and the anime adaptation was excellent

also i just really hate the idea of reading the manga as some sort of elitism

i read the manga because i like reading manga and i like seeing what may have been left out of the anime

i will then happily share my findings with the rest of the fandom because why wouldn’t i

but the idea that you aren’t a true fan unless you’ve read a backlog of multiple decades’ worth of manga is really ridiculous and unnecessary

Good Shit

Also who would’ve thunk that after two years of MP100 being this really niche manga series that had a small online following, we would come this far and not only get anime adaptation by one of the BEST animation studios in Japan with excellent and high profile talent with so much love, effort and painstaking detail poured into it, but that it would also get the simulcast treatment AND DUB WITHIN a year of it’s original airing in JAPAN.

Truly technology is amazing!

And I can’t help but get a little sentimental over this series. It truly is helping by making me feel like even I can improve myself and that change is not easy but takes time and is hard as hell sometimes.

After all, my life is my own right?

Here’s to a few more weeks of MP100!!!!!!!!!!! :)

6

Originally posted by lady--koto

(Day 21)

I’m sure pretty much everyone here is familiar with Full Metal Alchemist and by extension Hiromu Arakawa. Both the artist and writer behind one of the best shonen anime/manga out there she’s quite famous. There is a reason she draws herself as a cow every time she writes about herself in the omake of the manga she creates. She grew up a farm girl, raising animals in the sticks with her family. 

Enter a recent work of hers Gin no Saji, or silver spoon. Specifically the anime adaption. 

Because of Arakawa’s intimate knowledge of botanical and animal husbandry pursuits you get an actually really accurate and interesting learning experience about farming as a whole. It’s also a huge plus that it’s wrapped up in all of the thing she does well such as her excellent characterization and comedic writing. 

The anime is a fine adaption of the manga with very good voice work and OST, especially the OPs and EDs which are total ear worms. Sukima Switch and Goose House became known to me through this anime and I love both bands now!  

We follow a do-nothing boy as he grows as a person and meets a lot of interesting characters in an agricultural college. This series is much lighter in tone than FMA in that there’s no heart rending murder of the cast to think about. But, it isn’t afraid to touch on a few close topics such as the struggle of the agricultural machine, the pressure to take on your parents work and a bit of heavy mortality. The meat you put on the table has to come from somewhere, even if that somewhere is pretty damn cute when you raise it yourself. Even if, especially if, you know nothing about animals or farming I really suggest this series because it is very down to earth (haha). You feel a sense of pride in the same vein of watching shows like “how it’s made” when the final product that looks to be simple takes a surprising amount of manpower to make. Also the anime pays special attention to making the food look delicious!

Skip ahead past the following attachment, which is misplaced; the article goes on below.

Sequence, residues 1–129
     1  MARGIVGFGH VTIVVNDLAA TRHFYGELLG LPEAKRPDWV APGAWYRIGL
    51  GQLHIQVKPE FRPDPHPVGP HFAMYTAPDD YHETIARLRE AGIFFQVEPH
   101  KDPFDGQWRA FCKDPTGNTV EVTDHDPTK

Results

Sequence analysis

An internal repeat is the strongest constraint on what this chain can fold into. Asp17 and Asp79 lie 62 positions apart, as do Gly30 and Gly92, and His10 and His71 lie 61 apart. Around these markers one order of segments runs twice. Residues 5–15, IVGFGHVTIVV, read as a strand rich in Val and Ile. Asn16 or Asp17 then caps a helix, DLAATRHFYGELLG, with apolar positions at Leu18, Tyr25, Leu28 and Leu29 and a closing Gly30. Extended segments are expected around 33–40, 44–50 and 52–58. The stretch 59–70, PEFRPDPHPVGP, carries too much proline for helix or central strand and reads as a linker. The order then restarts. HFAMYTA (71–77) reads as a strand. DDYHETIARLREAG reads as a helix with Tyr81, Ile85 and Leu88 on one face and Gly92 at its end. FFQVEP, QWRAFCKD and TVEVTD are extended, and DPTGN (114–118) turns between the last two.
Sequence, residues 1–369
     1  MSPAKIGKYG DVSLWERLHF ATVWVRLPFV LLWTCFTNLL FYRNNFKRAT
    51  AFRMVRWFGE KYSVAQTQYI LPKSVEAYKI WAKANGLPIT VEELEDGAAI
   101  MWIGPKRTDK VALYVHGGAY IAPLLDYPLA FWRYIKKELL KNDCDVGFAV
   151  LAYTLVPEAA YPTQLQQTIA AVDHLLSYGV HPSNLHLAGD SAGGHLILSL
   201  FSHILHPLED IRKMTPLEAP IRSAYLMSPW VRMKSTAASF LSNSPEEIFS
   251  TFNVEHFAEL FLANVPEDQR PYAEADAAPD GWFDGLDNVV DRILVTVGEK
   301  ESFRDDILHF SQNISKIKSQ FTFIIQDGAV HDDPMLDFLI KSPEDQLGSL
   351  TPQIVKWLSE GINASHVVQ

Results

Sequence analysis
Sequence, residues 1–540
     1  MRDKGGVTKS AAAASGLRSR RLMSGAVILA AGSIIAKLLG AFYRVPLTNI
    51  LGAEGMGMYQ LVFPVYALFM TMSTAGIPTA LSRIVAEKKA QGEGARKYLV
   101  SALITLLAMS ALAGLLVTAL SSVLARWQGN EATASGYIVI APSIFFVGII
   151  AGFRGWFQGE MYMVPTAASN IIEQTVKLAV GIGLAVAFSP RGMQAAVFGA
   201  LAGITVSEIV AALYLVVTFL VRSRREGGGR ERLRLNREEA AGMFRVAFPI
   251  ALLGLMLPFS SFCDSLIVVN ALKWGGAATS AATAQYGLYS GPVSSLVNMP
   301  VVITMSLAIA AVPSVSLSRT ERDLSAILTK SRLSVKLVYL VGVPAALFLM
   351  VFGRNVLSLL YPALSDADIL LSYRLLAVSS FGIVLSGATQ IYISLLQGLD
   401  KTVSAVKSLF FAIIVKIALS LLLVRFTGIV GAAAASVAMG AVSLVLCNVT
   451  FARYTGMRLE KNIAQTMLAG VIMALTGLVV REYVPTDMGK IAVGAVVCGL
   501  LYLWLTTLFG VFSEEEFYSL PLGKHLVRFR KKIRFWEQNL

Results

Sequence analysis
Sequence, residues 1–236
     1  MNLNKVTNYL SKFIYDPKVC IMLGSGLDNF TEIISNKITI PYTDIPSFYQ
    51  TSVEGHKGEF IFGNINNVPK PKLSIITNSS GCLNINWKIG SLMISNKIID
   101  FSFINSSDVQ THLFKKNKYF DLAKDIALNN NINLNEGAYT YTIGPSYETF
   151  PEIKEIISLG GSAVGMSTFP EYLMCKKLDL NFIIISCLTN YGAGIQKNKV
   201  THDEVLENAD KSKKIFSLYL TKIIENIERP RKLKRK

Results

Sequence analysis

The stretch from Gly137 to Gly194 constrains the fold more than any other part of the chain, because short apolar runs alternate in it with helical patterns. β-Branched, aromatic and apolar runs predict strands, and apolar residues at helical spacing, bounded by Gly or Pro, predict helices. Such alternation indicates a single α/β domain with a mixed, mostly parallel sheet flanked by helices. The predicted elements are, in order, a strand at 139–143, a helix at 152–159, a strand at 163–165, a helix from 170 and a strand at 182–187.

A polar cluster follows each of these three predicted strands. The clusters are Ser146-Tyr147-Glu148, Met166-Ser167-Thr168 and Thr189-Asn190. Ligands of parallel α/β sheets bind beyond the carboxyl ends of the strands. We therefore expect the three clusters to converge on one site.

Sometimes just being a solid adaption of a very solid manga is enough to get you on a list of personal favorites. 

SPEAKING OF DISAPPOINTING ANIME ADAPTATIONS, one of my old gay lawyers anime liveblog posts is being reblogged again. It’s a post where I’m gushing about how happy I was that the anime would let us see outside Phoenix’s POV for the first time, and how great it was to see Miles react to the court shenanigans, his own emotions (that Phoenix doesn’t necessarily see), WEREN’T WE SO LUCKY TO HAVE THE ANIME NOW TO GET ALL OF THESE EXCELLENT MOMENTS.

And really to be fair, I think the anime did have a decent start. Yeah, the animation budget was obviously non-existent, but I can forgive shitty animation if the writing holds up. And I think for the first half maybe of the first season, it did.

..aaaaand then it didn’t. Like. At all. At some point the writing fell over and often didn’t make any bloody sense, and GOD I THOUGHT I WAS OVER THIS BUT CLEARLY I AM NOT.

Final thoughts on Akatsuki no Yona:

Akatsuki no Yona is a rare treat that probably won’t be seen again for a long time. Is there such thing as a battle shoujo series? Because this is the closest I’ve seen and it’s been a joy for the past two seasons. Watching Princess Yona grow and steel herself from a meek girl to a fierce fighter was an extremely satisfying experience. That is of course no small thanks to Chiwa Saito’s excellent voice work. The rest of the cast was no slouch either. Each character built on top of the setting’s mythos and pushed Yona’s development further in a meaningful way. All while sprinkling in some very subtle reverse harem comedy to keep the tone of series adventurous. Pierrot has this bad habit of making great anime only when whatever they’re adapting is not mainstream. Akatsuki no Yona received a 24 episode run with mostly consistent pacing, solid animation quality, and a fantastic soundtrack all the way through. Tokyo Ghoul has a lot to envy.

For my other Winter 2015 anime posts, click here.